The history of the lighthouse gardens

By Joanne Mulloy, MHS President | May 01, 2019
Courtesy of: Mukilteo Historical Society Residents protesting the fence removal.

When Mukilteo Historical Society (MHS) volunteers weed the gardens at the Mukilteo lighthouse, they always receive compliments and thanks. The flowerbeds are well known for their beauty because the community of gardeners over the years put much thought, planning and hard work into them. The community gathers there for celebrations, including weddings and proms, with photographers capturing this backdrop for the happy couples. This wasn’t always so and came about by accident.

When the lighthouse was owned by the United States Coast Guard, the flower beds were filled with red rock, as a low maintenance method to keep the weeds away. In 1997, the city of Mukilteo took over ownership and maintenance of the gardens and grounds. MHS moved from the old Rosehill School to the lighthouse grounds in 1999. One Sunday, a volunteer working in the gift shop was bothered by the weeds along Quarters B and took action. Since no one stopped her, she continued and others joined in. The city manager then told the MHS President that they could weed along the buildings but to leave the row of beds leading to the lighthouse. At that time, there was a fence along both Quarters A and B to create privacy for the families living there. Soon, the fence needed painting, as it is prone to do, and MHS members volunteered to paint it. This was the first of many fence painting parties to come. This earned the gardeners the trust of the city to expand their weeding.

Over the years, planters brought cuttings, bulbs or seeds from home that are still there today:  day lilies in the raised bed, black-eyed Susans in the sunnier beds and crocosmia and daisies in the lilac beds near the Losvar condos. Others took plantings or seeds home and the old fashioned holly hock seeds were shared with many. The lilacs were planted by Coast Guardsman Kurt Betz and his wife Michelle when they lived in Quarters B. Plantings in remembrance of those who had passed include: the striking lacecap hydrangea outside of the gift shop for Glee Shaver; the red azaleas in front of the lighthouse for Ralph Loree; the rugosa rose for Digger Dan Caley and the Paul’s Glory hosta in honor of Paul Winters. People still take the rosehips from the rose bush as a memory. When the National historical places marker and rock were placed, two Korean lilacs were planted near it.

George McConnell would purchase a bag of 300 daffodils each year at Costco and slip them to President Ellen Koch to plant so he could see the blooms from his home. At George’s memorial, his son had a bag of daffodil bulbs for Ellen, since George bought them before he passed away.  Eleven years ago, a friend of Ellen’s grandson needed a service project, so they planted 75 red tulips. Bulbs have not been planted on the lighthouse grounds since and yet they continue to come up each year.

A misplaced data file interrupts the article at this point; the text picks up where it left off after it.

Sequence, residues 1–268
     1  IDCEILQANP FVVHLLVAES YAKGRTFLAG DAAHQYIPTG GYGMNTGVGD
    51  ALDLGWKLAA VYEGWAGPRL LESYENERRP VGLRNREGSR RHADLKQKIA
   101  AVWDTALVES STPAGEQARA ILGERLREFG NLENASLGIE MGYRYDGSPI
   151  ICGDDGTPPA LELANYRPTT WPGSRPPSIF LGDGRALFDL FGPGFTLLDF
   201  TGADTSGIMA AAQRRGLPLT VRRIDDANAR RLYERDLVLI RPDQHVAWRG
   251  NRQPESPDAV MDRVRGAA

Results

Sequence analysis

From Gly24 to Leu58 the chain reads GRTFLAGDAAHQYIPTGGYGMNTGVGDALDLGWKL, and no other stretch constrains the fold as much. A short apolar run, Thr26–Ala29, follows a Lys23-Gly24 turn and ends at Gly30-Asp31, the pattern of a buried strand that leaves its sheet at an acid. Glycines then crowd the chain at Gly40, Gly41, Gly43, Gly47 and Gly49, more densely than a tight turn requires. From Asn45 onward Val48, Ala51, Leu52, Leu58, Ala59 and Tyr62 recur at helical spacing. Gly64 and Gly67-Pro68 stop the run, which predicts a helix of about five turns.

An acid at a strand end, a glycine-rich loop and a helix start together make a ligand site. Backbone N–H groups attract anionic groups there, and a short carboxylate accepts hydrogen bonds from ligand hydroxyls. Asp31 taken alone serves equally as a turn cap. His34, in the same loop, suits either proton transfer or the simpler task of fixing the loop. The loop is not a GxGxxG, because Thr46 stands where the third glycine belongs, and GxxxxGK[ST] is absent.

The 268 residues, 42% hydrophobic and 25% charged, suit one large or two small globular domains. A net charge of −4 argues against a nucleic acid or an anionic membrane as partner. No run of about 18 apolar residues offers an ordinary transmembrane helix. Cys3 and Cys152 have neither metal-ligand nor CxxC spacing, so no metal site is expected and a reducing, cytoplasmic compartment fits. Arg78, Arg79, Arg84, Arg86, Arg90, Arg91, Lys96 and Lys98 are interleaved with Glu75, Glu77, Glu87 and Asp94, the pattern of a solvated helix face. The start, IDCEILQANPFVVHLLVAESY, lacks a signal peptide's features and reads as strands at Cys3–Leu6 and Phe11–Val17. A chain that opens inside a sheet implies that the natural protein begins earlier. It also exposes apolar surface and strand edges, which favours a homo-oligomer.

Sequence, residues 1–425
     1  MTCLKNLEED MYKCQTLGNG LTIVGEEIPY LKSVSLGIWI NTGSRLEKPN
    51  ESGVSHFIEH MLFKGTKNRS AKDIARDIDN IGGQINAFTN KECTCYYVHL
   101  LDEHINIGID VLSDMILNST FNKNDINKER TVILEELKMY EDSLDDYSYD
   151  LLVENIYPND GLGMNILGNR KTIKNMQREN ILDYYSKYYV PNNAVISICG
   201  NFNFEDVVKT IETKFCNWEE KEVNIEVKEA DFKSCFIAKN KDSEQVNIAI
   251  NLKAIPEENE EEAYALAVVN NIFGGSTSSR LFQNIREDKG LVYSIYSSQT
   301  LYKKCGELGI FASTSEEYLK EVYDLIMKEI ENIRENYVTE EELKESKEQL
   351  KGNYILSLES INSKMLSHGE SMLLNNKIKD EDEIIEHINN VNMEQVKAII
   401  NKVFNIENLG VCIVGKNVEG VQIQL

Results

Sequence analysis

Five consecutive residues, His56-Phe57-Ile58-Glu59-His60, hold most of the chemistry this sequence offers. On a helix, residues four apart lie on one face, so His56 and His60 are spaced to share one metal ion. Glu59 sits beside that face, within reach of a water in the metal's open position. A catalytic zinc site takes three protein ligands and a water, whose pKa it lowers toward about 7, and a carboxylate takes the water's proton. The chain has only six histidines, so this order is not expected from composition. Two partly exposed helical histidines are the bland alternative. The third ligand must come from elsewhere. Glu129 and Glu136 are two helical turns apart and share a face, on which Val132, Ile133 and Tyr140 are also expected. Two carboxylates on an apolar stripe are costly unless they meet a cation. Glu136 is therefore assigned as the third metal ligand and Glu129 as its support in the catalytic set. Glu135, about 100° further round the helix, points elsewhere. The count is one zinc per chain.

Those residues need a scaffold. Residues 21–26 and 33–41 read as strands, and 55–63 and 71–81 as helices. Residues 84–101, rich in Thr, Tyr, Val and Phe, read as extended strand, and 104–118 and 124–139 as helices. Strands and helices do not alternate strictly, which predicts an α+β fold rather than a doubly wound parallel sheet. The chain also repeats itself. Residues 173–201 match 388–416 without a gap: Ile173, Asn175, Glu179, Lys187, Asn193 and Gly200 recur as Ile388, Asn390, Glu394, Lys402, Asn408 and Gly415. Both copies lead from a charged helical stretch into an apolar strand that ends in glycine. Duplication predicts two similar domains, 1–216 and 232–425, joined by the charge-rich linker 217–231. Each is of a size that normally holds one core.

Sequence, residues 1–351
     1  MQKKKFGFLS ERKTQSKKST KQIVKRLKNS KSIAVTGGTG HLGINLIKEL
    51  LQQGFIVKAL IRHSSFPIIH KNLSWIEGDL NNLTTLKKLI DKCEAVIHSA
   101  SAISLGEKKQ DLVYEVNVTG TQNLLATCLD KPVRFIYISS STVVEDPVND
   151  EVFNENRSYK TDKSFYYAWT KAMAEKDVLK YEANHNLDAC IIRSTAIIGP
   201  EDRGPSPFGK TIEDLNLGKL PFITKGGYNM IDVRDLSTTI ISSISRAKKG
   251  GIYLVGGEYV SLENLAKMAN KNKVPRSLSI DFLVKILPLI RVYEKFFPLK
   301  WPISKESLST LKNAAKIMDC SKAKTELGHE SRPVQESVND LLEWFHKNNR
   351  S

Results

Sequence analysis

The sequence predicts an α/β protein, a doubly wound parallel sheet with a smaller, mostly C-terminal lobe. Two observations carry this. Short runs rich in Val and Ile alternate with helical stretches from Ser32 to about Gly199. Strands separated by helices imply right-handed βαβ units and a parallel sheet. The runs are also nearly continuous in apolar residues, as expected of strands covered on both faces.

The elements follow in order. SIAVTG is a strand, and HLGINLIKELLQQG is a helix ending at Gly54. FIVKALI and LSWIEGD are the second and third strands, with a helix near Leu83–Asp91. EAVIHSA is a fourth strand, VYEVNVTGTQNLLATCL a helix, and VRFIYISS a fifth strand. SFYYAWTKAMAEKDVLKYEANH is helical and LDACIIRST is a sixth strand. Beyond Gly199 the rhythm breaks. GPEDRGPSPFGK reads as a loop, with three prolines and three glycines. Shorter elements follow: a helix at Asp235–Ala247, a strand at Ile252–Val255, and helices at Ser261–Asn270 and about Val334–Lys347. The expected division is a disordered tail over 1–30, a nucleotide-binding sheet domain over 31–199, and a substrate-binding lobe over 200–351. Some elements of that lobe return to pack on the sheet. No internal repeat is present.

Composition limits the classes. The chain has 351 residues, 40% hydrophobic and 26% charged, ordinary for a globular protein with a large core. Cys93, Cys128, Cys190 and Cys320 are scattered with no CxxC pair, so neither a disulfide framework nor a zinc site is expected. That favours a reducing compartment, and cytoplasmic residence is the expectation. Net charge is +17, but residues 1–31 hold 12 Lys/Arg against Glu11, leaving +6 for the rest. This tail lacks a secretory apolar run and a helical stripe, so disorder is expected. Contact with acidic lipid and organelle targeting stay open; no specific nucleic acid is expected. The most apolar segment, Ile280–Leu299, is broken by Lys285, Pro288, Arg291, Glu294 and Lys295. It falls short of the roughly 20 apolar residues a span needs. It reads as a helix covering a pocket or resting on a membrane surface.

The lighthouse gardens were known for their bright red, beautiful poppies, known as “lighthouse poppies.” The seeds were shared in little packets to take home for planting. This went on for some time until a volunteer’s policeman neighbor warned they be destroyed because they were opium poppies!

A lot of work was done by these early teams of volunteers to establish the gardens.  Years were spent removing red rock, the soil was replenished and many annuals were purchased to fill the flower beds. During that manual labor, long-term friendships were formed through fun and laughter. There was a gardening shed on the grounds with flower boxes on each side that was later moved to the community garden. A garden party was held in the shed and all the women wore hats. The raised flowerbed near the seawall was originally smaller and built from railroad ties. In 2001, a volunteer and the City created the existing raised bed and the railroad ties were removed. A significant number of gardening projects were completed that year and the fences were removed, somewhat reluctantly.

Before mass-planting day began, plants were purchased and planted over weeks in the summer.  Inspired by Forest Park’s mass planting and as an effort to get younger people involved, the annual event began. The early gardeners made the perfect decision to have red, white and blue flowers along the paths leading to the lighthouse. Petunias were planted for a while, but they required too much deadheading. The switch was made to red geraniums, white alyssum and blue lobelia.  Calendula was planted which volunteered into several beds.  Impatiens were selected to go with the tobacco plants along Quarters B. There is a tradition of using augers to dig holes the size of the pots so planting is quick.  This started with an electric drill and now battery operated augers are used.  The pots are placed where they will be planted, those running the augers go behind and dig holes, then, planters follow behind and fill the holes with plants and soil. Sheila McGillivray was the greeter for the mass planting for many years until she passed away last year. She is missed.

The annual mass planting for the lighthouse grounds will be held on Saturday, June 1.  The public is invited to join in planting. If you would like to become a member of MHS, here is a link to an application, including volunteer opportunities:

#The Mukilteo Historical Society staffs the Mukilteo Lighthouse and Gift Shop and is always looking for new members. They meet on the second Thursday of each month (except December) at 7 p.m. at the Rosehill Community Center (304 Lincoln Avenue).  For more information, visit





2001, before the planting. (Courtesy of: Mukilteo Historical Society)
2001, after the planting (Courtesy of: Mukilteo Historical Society)
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